Flipping a Mechanical Engineering Course
Steve Skerlos (Mechanical Engineering, College of Engineering), discovered that his graduate students, even those who were quite successful in his classes, were not retaining what they had learned in class in a way that they could apply that knowledge to research questions. Additionally, Prof. Skerlos had a desire to shift his lecture-based courses to have more in common with senior design courses in engineering, i.e. the instructor and the students all working together to solve problems. The following description of Prof. Skerlos’ flipped class is for his ME 499 course, Sustainable Engineering and Design. Prof. Skerlos, though, has flipped many classes, including a 150-person undergraduate course.
Students’ First Exposure to Content
In Prof. Skerlos’ classes, students must watch a video or read a case study prior to class. In his course syllabus, Prof. Skerlos estimates that the video or reading component of the pre-class work should take about one hour. Each student is expected to reflect upon the discussion questions posed by the instructor and, prior to class, submit one question that s/he would like the instructor to answer during class.
Student Accountability for Pre-Work
The syllabus for Prof. Skerlos’ class is very explicit about the level of responsibility students have for completing the pre-class work. “Submitting a question without watching the whole pre-class video will be considered a violation of the honor code unless you state that you haven’t watched the video. If you haven’t watched the video, you can still submit a question just put a simple note there that the question is being submitted without having watched the video.” Additionally, for class periods in which the pre-class work includes a video, the students must complete a quiz inside CTools Test Center after class.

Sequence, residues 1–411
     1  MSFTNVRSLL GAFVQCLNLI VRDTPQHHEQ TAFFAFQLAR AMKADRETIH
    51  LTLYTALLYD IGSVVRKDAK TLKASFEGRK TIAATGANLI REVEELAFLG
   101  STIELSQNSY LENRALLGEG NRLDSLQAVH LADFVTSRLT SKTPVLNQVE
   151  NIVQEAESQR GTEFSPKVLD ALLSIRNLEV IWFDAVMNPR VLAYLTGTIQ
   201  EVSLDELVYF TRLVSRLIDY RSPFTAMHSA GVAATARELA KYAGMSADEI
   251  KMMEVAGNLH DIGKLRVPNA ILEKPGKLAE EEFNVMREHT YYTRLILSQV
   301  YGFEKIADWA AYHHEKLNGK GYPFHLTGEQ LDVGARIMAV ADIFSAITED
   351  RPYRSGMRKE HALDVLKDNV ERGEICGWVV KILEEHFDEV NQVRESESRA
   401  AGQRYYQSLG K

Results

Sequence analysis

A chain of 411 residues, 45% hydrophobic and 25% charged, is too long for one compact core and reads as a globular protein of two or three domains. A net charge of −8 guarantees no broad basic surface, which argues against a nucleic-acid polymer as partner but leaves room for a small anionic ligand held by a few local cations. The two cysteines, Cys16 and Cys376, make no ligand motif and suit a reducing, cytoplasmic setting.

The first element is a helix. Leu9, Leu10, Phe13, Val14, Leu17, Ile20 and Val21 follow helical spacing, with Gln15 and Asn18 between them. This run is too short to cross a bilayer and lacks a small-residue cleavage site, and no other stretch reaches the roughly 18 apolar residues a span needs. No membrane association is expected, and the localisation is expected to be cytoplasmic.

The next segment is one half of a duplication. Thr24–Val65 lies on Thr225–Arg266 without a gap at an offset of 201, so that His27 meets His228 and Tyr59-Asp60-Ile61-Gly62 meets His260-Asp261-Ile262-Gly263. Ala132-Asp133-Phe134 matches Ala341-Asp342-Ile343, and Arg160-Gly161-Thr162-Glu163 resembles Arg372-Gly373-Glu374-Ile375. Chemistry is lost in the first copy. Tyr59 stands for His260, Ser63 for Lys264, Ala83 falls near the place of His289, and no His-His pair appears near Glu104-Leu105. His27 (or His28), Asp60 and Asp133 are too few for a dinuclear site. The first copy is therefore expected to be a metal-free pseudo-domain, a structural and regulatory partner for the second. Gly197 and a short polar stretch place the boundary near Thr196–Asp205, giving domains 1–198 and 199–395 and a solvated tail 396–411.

Face-to-Face Class Time
The first portion of the face-to-face class time is spent making sure students’ questions get answered. Prof. Skerlos provides short mini-lectures based on the themes he identified in the students’ submitted questions. Additional class time is having the students work together on problem-solving or course projects.
Assessment of Student Learning
Students demonstrate their knowledge through class participation in case study discussions, completion of problem sets and success on traditional midterm and final exams. Students also complete a term project demonstrating their understanding of best practices for materials selection.
Perceived Outcomes of the Flipped Classroom
As noted above, Prof. Skerlos has flipped multiple classes because he has found the flipped class to be effective for improving student learning. One of the other benefits to the flipping a class, according to Prof. Skerlos, is that the re-designed class has rejuvenated his enthusiasm for teaching.